The rules run counter to Congress' intent in helping sick workers get compensation, Rep. Ed Whitfield says.
By Joe Walker firstname.lastname@example.org
In a letter to be sent today to Energy Secretary Spencer Abraham, Whitfield, R-Hopkinsville, said the draft "fails to meet" the law's intent to ensure that people exposed to workplace toxins are compensated by DOE contractors "without a legal battle."
Legislation passed in 2000 provides $150,000 and medical benefits through the Department of Labor to uranium-enrichment workers with chronic beryllium disease, silicosis and certain radiation-induced cancers. Those sickened from other workplace toxins can seek state workers' compensation benefits by providing medical evidence to DOE, which decides whether a claim should be reviewed by a special physicians' panel. If the panel approves the claim, the department will not oppose it and will direct its contractors to do likewise.
Whitfield's letter, expected to be signed by other lawmakers, complains that the draft rule:
Allows contractors to contest findings by the doctors' panel. "This process is not authorized in (the law) and turns the whole principle of contractors not contesting merited workers' compensation claims on its head."
Allows contractors to be reimbursed for legal costs of contesting all issues except the cause of an illness. "Contractors will have an incentive to fight merited claims based on procedural barriers within state compensation systems that prevent workers from receiving benefits."
Requires the panel to apply "widely different standards" for cause of an illness, depending on the state where someone worked. A "uniform and equitable federal standard" of causation is needed.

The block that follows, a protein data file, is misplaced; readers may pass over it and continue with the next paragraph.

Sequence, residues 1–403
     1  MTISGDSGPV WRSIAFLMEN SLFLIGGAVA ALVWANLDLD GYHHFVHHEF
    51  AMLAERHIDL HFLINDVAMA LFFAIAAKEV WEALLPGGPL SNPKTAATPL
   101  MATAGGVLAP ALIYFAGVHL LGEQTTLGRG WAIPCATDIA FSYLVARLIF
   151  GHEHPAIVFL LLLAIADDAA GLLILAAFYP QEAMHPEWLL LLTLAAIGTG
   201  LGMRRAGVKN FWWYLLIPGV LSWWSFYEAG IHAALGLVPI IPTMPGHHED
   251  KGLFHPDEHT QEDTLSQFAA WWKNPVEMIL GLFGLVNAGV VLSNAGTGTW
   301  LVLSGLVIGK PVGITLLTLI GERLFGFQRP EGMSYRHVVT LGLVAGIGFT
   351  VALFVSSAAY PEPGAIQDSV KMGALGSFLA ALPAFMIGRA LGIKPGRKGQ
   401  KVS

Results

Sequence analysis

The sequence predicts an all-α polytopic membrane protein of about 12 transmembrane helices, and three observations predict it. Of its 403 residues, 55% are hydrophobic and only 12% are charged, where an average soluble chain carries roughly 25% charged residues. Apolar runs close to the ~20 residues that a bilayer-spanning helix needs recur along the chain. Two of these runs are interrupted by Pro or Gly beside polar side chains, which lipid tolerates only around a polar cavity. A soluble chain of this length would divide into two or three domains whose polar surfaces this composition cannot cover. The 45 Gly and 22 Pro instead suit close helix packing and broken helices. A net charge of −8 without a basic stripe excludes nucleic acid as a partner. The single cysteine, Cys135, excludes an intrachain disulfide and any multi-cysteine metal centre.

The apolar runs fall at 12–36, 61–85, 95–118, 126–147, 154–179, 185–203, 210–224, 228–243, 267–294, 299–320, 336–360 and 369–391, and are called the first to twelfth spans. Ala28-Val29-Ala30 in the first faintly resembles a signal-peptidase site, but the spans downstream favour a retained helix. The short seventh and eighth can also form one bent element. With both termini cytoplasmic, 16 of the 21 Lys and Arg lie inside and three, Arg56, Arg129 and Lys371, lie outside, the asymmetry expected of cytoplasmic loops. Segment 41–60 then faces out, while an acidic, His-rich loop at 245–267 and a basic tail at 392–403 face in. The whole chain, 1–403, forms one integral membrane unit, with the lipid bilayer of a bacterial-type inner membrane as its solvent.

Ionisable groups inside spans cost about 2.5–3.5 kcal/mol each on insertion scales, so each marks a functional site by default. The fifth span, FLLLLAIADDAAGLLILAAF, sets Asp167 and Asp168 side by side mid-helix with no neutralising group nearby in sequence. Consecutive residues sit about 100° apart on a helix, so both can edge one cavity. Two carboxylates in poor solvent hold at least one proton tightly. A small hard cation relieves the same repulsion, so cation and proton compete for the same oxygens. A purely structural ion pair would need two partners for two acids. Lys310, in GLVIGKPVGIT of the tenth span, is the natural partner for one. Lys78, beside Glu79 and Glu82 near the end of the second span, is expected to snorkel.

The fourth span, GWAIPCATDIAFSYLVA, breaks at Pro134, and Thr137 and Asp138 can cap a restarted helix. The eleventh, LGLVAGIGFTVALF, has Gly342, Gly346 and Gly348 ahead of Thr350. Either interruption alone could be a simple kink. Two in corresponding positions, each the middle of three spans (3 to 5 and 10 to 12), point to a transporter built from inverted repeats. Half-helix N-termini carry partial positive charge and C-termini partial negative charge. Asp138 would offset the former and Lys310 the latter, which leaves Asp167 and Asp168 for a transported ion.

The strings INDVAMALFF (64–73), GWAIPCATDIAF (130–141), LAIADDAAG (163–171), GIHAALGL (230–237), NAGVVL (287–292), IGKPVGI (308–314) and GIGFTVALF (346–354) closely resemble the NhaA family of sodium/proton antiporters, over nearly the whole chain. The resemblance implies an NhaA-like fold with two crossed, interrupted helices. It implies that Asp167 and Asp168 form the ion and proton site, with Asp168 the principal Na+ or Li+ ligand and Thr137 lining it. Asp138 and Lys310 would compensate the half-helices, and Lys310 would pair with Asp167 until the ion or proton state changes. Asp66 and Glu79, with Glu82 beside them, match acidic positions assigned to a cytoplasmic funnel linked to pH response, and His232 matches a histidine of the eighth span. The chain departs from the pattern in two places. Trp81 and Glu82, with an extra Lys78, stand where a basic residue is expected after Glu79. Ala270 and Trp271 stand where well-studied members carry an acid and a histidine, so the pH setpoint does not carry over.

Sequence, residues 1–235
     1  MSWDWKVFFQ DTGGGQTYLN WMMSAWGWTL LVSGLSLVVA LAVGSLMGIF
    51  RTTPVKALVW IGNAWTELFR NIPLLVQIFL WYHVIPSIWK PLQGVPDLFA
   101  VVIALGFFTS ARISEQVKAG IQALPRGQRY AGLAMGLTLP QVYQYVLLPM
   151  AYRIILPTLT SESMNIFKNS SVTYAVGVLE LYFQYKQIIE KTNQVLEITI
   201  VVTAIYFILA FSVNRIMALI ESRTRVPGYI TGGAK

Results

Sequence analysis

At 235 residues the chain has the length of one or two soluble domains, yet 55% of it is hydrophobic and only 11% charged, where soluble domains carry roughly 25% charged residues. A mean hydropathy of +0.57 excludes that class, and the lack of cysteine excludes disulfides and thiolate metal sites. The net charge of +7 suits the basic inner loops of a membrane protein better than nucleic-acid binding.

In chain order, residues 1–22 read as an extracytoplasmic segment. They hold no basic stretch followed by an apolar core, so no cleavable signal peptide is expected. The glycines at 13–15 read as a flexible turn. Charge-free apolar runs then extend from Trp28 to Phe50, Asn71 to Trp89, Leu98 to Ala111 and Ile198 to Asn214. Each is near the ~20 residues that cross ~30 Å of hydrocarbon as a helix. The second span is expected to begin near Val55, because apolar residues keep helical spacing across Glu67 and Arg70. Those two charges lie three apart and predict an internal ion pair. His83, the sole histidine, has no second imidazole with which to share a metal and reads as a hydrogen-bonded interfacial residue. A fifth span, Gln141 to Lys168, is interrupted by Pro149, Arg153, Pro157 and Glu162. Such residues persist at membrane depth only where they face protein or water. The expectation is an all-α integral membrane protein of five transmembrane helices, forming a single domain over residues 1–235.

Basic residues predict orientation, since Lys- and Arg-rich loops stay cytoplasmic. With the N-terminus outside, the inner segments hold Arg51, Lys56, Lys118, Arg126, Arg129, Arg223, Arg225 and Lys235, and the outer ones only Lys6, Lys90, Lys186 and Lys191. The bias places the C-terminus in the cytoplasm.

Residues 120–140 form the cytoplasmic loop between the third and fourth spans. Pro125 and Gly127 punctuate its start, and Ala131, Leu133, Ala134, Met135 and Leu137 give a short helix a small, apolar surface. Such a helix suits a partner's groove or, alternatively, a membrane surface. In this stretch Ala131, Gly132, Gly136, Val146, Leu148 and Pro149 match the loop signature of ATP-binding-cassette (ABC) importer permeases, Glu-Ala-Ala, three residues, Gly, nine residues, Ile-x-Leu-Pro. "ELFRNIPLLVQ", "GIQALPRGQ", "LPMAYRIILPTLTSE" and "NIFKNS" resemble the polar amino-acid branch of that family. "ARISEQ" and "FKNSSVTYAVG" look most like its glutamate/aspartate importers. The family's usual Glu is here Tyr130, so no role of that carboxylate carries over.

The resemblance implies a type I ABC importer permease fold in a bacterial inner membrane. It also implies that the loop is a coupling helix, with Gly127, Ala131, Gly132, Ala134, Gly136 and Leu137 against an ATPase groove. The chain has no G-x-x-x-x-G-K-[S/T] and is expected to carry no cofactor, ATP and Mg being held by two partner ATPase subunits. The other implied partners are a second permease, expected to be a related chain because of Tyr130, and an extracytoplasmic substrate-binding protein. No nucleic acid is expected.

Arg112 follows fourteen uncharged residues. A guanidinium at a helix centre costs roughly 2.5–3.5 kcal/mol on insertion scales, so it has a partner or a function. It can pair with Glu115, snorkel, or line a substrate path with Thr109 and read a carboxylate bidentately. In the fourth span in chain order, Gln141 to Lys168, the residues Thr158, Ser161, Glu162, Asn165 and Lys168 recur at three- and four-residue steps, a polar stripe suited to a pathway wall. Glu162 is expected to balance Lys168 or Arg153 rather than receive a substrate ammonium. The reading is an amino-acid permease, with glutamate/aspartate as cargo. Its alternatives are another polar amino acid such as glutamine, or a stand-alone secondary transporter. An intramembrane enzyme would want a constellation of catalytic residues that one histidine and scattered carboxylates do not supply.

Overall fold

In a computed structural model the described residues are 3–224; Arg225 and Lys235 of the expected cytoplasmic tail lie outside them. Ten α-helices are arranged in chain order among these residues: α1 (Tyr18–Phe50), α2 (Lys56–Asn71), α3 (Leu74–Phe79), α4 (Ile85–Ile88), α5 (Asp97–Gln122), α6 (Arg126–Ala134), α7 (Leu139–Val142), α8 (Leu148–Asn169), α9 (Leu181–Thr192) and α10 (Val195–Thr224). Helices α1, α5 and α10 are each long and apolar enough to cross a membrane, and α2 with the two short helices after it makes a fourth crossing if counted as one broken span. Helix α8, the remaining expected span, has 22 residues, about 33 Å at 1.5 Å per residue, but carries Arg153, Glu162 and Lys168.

Does not compel contractors to hold private insurers, state plans and predecessor contractors harmless if they pay claims, and provides no means of compensation if a contractor does not exist. That means claimants could be approved by the panel "and have no way to get paid."
Requires workers or survivors to submit medical evidence of exposure-related disease, but does not say how DOE must provide "meaningful assistance" in getting the information from a doctor of choice.
Energy Department spokeswoman Dolline Hatchett told The Associated Press that the agency would not comment on the rule until it was finalized, likely in a few weeks.
However, in publishing the rule, DOE said the appeal process was broadened to include both the claimant and contractor "for the sake of fairness and due process." The department said it believes "it is encouraging contractors' compliance" by allowing them to be reimbursed for accepting a claim.
As for varying state standards, the evidence should focus on whether an applicant "provides reasonable evidence of an illness or death," DOE said, and the law was not intended to "create federal standards that would override" those of the states.
DOE said it must help an applicant obtain a medical history it if is not "reasonably available," and the law requires the department and its contractors to provide exposure records. If applicants are required to travel for panel interviews, which should be infrequent, travel costs are expected to be paid by DOE.
In writing Abraham, Whitfield said the Energy Department still has not responded to a March 27 letter from him and eight other members of the House Energy and Commerce Committee asking 22 detailed questions about the regulations.
Today's letter said that unless improvements are made, the regulations will provide little help to workers or their survivors beyond seeking workers' compensation benefits on their own.